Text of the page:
3) Invest in your kids' dreams and teach them to invest as well. My family visits the bookstore weekly. We invest in books, conferences, courses and other training material that enhance your thinking and sharpen your skills. As a teen, I went to conferences with my father and learned lessons from top businessmen -- lessons that I still use right now in my business.
Many parents who have invested in Ariana's 30 Days to Making It Kit for their teens and young adults, have reported an increase in productivity, confidence and overall success in their kids. Young entrepreneurs love Ariana's down to earth, simple and easy methods to pursuing your dreams now. The easy-to-implement assignments after every lesson help you to get closer to reaching your goals in just 30 days.
4) If you own a business, hire your child. Not only is this a great tax break, but you can begin teaching them how to run a business. Let your child explore the different areas of your business and develop a genuine interest. Don't force your vision on your kids, allow them to try something new if they want, they may want to join you as a partner or go off on their own. Either way, having exposure to running a business is a good experience overall.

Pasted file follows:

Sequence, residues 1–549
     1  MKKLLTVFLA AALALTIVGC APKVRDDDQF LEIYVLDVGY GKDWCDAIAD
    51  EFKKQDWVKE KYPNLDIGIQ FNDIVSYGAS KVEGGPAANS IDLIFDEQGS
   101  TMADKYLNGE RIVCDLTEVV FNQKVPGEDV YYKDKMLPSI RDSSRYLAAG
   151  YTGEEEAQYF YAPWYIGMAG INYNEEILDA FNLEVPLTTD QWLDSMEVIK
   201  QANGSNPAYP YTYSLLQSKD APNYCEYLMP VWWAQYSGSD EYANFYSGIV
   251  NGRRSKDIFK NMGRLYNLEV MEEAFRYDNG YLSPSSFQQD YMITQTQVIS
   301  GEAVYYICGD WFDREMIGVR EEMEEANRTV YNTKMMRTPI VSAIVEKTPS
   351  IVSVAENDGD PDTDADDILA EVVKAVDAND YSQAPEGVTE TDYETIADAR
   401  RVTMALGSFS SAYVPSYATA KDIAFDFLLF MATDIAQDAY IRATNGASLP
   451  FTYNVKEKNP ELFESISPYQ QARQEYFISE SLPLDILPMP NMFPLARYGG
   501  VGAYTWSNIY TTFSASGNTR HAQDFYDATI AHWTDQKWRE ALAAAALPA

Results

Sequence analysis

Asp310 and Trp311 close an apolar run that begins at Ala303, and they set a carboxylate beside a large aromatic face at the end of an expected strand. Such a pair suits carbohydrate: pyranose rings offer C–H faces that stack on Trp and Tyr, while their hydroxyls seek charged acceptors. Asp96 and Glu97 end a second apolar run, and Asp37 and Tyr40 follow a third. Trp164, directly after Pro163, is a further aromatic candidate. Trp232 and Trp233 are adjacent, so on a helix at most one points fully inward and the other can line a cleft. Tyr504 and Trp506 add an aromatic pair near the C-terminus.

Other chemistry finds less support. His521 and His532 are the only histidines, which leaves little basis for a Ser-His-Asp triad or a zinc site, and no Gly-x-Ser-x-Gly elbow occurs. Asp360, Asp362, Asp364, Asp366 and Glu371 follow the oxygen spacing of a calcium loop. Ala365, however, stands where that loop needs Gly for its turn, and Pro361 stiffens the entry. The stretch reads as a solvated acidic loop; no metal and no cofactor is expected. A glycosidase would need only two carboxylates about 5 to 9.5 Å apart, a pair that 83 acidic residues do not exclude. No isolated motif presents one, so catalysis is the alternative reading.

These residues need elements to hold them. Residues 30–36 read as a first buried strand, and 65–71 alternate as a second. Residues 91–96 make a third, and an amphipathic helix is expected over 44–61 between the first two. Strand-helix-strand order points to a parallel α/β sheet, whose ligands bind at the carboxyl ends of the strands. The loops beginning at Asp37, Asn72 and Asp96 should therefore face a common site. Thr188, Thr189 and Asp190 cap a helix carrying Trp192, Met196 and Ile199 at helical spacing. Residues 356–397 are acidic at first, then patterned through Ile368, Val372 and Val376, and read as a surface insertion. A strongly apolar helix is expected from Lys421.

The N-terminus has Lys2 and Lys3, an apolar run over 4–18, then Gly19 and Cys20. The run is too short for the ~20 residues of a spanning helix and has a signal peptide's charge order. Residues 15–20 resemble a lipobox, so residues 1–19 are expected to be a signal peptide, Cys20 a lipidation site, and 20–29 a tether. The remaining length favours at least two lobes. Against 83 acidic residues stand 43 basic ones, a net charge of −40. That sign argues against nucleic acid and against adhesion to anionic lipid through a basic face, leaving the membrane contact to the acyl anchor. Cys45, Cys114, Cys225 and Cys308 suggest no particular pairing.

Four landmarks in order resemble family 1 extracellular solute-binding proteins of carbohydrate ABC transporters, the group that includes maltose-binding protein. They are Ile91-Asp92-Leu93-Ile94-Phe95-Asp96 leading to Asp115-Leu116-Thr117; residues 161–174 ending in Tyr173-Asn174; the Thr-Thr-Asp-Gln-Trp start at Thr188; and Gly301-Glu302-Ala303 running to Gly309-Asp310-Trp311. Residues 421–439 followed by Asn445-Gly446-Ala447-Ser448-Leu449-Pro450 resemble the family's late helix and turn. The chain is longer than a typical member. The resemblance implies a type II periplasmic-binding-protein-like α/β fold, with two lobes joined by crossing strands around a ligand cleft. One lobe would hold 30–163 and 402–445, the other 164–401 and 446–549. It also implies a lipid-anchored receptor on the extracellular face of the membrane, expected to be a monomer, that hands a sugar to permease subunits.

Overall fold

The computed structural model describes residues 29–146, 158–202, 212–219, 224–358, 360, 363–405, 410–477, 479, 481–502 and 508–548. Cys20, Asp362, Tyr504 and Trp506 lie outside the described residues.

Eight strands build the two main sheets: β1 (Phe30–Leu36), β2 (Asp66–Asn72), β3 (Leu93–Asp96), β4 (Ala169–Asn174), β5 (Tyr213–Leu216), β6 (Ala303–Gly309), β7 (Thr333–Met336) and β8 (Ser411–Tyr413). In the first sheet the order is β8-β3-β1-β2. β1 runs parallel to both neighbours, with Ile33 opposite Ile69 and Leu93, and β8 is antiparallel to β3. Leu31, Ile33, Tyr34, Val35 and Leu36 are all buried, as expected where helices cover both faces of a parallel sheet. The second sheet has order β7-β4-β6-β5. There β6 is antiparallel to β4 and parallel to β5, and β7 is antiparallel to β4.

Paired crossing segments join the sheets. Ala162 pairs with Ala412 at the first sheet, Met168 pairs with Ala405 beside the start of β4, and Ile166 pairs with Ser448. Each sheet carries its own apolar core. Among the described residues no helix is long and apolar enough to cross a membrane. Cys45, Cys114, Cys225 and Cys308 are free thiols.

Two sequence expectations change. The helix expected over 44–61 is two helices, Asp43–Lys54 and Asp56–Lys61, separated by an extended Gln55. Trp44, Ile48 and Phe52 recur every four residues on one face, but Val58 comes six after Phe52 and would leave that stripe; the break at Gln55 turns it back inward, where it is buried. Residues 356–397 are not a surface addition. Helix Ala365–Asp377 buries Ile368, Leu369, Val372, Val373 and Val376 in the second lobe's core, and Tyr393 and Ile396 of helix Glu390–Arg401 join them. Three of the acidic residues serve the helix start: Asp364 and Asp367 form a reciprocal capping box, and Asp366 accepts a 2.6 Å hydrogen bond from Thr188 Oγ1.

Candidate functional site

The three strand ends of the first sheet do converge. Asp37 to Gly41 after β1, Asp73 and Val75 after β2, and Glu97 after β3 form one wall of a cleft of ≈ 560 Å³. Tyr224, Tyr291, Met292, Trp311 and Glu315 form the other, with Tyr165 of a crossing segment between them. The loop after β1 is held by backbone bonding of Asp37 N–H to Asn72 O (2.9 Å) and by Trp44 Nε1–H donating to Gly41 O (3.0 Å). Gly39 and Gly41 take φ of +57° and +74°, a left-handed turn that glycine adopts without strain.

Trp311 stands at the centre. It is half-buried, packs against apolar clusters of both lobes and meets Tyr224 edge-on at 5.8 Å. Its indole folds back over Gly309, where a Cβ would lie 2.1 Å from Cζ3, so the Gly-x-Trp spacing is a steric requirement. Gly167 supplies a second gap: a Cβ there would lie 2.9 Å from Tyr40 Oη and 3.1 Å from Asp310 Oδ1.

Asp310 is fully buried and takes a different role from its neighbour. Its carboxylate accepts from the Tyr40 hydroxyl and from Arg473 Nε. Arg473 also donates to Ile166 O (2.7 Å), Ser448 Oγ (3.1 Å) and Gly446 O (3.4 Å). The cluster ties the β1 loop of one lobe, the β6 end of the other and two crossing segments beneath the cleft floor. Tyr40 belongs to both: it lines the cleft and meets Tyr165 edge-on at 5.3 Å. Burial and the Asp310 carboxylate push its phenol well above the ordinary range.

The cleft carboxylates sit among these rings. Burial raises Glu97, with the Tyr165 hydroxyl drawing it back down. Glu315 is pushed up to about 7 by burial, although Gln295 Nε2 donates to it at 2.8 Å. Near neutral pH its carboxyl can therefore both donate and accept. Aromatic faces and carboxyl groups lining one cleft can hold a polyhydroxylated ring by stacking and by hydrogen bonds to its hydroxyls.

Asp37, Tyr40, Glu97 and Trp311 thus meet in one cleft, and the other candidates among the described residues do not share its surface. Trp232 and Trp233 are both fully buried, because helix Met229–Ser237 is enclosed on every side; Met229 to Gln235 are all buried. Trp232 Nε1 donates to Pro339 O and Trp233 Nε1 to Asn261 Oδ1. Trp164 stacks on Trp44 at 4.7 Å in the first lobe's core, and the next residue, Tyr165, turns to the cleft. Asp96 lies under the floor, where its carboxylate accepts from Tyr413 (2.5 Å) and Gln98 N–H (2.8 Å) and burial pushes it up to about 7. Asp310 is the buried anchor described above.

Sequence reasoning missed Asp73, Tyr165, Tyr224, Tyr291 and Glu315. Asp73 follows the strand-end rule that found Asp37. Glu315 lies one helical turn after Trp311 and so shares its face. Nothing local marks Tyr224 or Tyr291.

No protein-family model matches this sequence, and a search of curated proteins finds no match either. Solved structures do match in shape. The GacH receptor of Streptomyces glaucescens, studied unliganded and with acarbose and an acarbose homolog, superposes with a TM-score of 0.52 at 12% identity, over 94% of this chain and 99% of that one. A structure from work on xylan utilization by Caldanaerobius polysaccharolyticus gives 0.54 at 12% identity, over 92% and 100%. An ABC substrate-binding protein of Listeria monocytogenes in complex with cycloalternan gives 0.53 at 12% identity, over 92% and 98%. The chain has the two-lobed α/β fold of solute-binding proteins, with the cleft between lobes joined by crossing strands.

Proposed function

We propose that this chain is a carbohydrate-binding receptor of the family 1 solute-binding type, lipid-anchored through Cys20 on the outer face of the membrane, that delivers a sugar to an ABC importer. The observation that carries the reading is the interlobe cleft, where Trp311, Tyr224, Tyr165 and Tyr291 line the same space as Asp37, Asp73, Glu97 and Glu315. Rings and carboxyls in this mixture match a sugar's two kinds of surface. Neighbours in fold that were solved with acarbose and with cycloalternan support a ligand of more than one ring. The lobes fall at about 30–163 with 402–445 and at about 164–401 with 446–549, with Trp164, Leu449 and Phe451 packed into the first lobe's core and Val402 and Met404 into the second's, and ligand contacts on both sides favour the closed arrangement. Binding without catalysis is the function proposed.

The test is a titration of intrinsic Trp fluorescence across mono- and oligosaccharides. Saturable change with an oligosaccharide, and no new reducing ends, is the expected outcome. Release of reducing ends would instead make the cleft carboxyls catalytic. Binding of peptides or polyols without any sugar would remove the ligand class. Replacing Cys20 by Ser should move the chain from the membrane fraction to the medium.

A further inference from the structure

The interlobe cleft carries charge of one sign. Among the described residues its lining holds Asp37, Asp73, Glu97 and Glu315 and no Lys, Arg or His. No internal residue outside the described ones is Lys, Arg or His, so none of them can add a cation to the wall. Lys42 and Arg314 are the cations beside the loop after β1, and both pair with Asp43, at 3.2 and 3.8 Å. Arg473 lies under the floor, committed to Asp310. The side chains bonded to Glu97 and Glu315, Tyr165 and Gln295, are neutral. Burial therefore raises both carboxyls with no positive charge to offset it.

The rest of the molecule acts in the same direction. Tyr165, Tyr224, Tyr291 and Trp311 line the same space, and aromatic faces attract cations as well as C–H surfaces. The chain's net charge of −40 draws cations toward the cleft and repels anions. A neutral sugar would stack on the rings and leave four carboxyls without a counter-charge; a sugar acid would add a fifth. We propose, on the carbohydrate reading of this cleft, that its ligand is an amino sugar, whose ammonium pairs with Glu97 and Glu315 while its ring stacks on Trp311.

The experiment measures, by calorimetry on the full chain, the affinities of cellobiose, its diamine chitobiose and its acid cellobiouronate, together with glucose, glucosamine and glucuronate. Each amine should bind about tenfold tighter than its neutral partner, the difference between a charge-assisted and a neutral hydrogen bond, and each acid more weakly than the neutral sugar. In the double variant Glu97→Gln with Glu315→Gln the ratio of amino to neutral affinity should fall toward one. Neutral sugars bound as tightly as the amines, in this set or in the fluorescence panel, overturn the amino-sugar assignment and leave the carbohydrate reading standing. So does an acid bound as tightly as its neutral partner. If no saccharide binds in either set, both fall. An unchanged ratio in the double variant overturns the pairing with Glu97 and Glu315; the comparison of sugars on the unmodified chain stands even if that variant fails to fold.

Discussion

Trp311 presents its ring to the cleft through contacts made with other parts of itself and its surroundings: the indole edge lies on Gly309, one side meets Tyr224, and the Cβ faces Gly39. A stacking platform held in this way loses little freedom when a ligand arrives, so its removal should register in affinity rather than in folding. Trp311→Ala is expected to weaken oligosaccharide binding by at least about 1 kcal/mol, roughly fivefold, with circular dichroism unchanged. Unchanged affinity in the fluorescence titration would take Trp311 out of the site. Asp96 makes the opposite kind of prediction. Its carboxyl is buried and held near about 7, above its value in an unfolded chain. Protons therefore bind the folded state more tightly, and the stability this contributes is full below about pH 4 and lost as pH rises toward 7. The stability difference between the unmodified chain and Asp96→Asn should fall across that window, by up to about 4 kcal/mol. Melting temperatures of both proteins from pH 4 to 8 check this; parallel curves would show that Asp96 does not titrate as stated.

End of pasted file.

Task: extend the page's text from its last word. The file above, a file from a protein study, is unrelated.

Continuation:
5) Open a bank account for your young entrepreneur. Put the account in both your name and theirs. Go over the bank statements with them monthly. Let them see their money grow when they put away savings and help them track their spending when buying supplies or training materials for their business. This will give them a sense of responsibility and learn how to invest back into their company.
6) Think about all that you wish you knew before you started a business...Now, take this opportunity to empower your child, teen or young adult with all the information, opportunities and skills you wished you had, so that they can bypass the pitfalls and speed up their success!
Follow Stacia Pierce on Twitter: www.twitter.com/@StaciaPierce